There’s a moment early on in Red Riding Hood when the heroine and title character, Valerie (Amanda Seyfried), is talking about her love for a boy named Peter (Shiloh Fernandez), and the things that love makes her do, that acts a kind of key for the whole film. Valerie and Peter live with their families in a small village surrounded by a wood that we’re told is dark and deep, though it doesn’t actually appear to be that imposing. As she watches him cut lumber, she says in a voice-over that she knows “girls aren’t supposed to hunt rabbits or go into the woods alone” but that “Peter had a way of making me break the rules.” The line is meant to underscore Valerie’s desire to break free from the gender stereotypes that plague her village as well as fairy tales in general: she’s no weak-willed girl, but a young woman capable of making her own decisions based on self-interest and her own perception of propriety. Yet this turns out to be a total hoax, or rather, a misdirection. There’s nothing at all in the story that’s any different from the tens of thousands of other teen-centered melodramas in which boy and girl conspire to love each other despite the interfering plans of their elders. The core of the story is staggeringly normal in that regard, yet the film acts as if the lip service paid to its heroine in the opening minutes will be enough to trick people into thinking they’re seeing something different, or better. Telling a boring and often ridiculous story from a girl’s perspective instead of a boy’s isn’t empowering; it’s still boring, just with different music. It’s impossible not to think that the presence here of director Catherine Hardwicke — who got her start with Thirteen and also helmed Twilight — is merely another tool in a machine meant to produce an illusion of individuality and strength, when what we’re really seeing is a wisp of smoke on mirrors to cover up the fact that everything on screen is remarkably unoriginal.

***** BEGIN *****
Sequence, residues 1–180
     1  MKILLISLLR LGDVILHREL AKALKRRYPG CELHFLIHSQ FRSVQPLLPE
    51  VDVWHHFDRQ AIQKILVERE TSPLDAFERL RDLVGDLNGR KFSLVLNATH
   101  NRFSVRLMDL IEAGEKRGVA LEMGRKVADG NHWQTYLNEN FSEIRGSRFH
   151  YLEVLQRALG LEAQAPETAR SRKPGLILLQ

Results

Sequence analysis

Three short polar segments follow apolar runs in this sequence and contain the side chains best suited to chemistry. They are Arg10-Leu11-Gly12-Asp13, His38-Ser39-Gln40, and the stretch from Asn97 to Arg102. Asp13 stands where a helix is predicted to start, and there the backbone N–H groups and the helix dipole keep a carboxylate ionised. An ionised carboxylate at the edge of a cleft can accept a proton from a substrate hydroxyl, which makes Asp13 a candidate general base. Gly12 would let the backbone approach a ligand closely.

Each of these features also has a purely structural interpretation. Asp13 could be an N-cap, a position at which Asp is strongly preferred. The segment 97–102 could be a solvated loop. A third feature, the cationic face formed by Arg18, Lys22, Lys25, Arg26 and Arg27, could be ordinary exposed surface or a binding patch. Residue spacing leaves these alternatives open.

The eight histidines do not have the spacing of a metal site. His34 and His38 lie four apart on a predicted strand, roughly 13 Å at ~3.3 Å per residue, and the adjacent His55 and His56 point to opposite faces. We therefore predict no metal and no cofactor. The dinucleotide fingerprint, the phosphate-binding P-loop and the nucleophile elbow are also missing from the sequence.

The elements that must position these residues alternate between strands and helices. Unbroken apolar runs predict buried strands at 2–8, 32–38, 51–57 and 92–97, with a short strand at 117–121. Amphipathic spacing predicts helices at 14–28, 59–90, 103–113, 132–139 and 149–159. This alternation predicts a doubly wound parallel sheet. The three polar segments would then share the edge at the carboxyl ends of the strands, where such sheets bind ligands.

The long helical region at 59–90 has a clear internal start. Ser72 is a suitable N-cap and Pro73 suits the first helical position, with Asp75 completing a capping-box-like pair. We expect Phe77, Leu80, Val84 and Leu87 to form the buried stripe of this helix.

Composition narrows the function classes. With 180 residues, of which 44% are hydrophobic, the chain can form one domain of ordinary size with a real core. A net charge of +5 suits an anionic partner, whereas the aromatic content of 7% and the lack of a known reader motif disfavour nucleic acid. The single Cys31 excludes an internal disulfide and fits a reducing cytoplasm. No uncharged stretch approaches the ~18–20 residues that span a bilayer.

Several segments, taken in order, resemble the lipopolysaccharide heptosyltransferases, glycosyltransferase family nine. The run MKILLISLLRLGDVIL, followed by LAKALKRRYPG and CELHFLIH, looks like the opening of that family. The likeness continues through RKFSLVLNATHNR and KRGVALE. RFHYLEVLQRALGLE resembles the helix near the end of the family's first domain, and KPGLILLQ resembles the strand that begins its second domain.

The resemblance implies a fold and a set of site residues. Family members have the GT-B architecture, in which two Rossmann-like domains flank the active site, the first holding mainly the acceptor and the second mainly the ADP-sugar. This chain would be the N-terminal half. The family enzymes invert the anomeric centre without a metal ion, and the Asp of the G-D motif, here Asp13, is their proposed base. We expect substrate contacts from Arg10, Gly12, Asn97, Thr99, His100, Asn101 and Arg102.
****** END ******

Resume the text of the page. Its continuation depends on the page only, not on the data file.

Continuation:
The core of the script from David Johnson (Orphan) is a take on the Little Red Riding Hood fairy tale that also incorporates elements of The Village, Invasion of the Body Snatchers, The Crucible, and Romeo and Juliet. Valerie’s village is plagued by a werewolf, but the townspeople have reached an agreement: they tie up an animal sacrifice on the night of a full moon, and the wolf steals in and takes the animal but spares the citizens. It’s a solid plan until Valerie’s sister turns up dead from a wolf attack, which prompts a crackdown on the beast and a visit from Father Solomon (Gary Oldman), a religious official of ill-defined power and total devotion to the cause. Admittedly, there’s a degree to which Solomon’s precise role in the fictional world’s diocese doesn’t need to be addressed: this is an adaptation of a fairy tale, and most descriptions never go much further than “the forest” or “my father.” However, without a reason to treat this man as anything more than a symbol, it’s hard to get worked up, even when he begins rounding up the villagers and telling them that the werewolf is actually one of their own, living in secret and killing at will.